"The pension obligations could spark a huge problem for New Jersey," says Thomas Kean, a former Republican governor. "They must be paid because they are absolutely an obligation of the state, but as it is, the budget is balanced with chewing gum and sealing wax."


To figure out how such a wealthy state (with a median household income of $65,933, New Jersey ranks No. 1) dug itself into this hole, set the clock back almost 20 years.

In 1990 the country was hit by a recession, and the new Democratic governor, James Florio, responded with a wildly unpopular $2.8 billion income and sales tax increase to balance the budget. Two years later, facing another budget shortfall, he turned to the state pension system for help. With almost unanimous support in the legislature, he pushed through the Pension Revaluation Act of 1992.

We'll spare you the minutiae of pension accounting and just say that the law permitted the state to recognize investment gains in the fund more quickly than under previous rules. It also lifted the projected rate of return on the fund's investments to 8.75% from 7% (since lowered to 8.25%). These "adjustments" had a big impact: According to an official Benefits Review Task Force report published in 2005, they allowed the state to cut its pension contributions by more than $1.5 billion in 1992 and 1993.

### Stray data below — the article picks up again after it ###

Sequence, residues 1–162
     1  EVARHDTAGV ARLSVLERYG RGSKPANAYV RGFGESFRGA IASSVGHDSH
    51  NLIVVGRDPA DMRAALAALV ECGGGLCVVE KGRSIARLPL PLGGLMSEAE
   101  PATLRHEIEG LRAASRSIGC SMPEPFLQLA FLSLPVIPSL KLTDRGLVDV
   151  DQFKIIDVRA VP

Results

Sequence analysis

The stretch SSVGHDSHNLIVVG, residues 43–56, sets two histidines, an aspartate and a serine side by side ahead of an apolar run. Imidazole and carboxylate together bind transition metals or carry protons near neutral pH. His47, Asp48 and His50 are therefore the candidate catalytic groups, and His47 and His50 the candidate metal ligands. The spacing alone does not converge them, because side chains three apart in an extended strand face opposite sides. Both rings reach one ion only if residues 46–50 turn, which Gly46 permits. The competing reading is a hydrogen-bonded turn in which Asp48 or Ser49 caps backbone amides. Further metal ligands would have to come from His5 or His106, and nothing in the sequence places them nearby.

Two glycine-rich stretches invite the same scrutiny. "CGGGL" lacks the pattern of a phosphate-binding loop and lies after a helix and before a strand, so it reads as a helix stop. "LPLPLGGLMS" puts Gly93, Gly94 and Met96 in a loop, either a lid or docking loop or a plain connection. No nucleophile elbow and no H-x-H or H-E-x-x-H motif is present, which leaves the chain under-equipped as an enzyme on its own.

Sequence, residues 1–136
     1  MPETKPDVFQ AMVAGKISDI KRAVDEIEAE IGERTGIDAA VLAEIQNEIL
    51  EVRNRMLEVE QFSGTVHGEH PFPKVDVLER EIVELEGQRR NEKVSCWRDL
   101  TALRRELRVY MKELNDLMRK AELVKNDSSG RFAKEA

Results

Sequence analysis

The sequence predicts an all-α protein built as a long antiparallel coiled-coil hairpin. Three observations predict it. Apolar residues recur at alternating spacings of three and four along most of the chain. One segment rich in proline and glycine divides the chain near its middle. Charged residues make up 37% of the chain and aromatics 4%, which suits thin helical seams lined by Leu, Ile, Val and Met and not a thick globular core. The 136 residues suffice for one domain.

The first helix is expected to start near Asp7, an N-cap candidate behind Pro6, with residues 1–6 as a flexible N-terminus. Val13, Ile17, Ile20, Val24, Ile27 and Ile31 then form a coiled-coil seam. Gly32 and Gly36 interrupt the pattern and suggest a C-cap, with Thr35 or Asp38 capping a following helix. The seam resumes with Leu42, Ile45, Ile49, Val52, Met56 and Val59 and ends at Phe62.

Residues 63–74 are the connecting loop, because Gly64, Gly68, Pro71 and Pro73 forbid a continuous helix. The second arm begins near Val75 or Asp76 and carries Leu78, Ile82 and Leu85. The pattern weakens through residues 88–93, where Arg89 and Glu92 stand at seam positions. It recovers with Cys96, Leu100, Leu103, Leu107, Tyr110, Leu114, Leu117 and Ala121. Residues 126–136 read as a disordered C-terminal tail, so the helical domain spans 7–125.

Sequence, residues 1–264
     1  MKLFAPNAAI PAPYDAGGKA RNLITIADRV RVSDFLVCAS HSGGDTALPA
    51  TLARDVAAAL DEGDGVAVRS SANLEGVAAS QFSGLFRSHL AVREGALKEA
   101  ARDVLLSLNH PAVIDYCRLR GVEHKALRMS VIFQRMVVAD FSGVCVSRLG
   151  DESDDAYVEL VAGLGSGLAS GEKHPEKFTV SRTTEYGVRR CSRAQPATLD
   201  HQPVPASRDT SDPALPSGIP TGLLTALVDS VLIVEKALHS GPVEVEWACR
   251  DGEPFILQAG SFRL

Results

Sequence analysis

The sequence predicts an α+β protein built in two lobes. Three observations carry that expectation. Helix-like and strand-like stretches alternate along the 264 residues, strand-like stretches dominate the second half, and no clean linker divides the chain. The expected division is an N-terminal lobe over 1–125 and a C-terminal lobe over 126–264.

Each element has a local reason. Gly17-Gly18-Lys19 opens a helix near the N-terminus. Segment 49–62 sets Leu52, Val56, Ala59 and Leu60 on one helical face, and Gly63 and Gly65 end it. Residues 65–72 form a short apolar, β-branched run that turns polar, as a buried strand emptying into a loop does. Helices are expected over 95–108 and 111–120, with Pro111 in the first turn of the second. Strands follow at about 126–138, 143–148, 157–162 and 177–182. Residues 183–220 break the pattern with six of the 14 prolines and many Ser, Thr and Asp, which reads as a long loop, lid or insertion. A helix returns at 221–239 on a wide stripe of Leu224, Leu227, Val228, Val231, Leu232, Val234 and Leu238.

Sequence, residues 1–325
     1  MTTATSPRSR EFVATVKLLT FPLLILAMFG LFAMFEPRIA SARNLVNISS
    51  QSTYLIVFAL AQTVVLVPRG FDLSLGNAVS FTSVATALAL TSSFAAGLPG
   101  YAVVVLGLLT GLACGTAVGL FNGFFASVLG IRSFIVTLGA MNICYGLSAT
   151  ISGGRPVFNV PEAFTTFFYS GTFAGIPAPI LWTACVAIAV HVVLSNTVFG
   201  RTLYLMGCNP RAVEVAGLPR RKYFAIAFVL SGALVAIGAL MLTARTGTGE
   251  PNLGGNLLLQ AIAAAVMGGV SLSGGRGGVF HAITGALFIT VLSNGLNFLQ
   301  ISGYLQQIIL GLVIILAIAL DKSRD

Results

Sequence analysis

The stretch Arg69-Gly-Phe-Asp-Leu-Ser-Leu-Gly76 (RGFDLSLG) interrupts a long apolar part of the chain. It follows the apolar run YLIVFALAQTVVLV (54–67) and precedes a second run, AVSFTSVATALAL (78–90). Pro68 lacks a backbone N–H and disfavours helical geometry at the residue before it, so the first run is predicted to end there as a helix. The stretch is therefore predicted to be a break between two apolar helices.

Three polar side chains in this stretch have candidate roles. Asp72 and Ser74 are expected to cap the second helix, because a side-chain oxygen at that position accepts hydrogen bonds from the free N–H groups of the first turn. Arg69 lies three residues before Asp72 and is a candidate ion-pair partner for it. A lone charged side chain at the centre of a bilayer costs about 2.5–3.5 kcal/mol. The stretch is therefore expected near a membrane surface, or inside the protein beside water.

Republican Christine Todd Whitman, running on a tax-cutting platform, defeated Florio in the 1993 governor's race. To help pay for her promised tax cuts, Whitman, like her predecessor, turned to the pension fund. In 1994, at her urging, the legislature adopted another pension "reform" act that allowed her to reduce state and local contributions to the plan by nearly $1.5 billion in 1994 and 1995, according to the task force report. Florio's and Whitman's accounting changes were "the one-two punch from which the retirement system has never recovered," says Douglas Forrester, who was the assistant state treasurer under Kean.


Seeking to make up lost ground without putting up more money, the state's leaders looked to the magic of the stock market. In 1997 New Jersey sold $2.75 billion of bonds paying 7.6% interest, putting the proceeds into the pension fund to be invested for higher returns.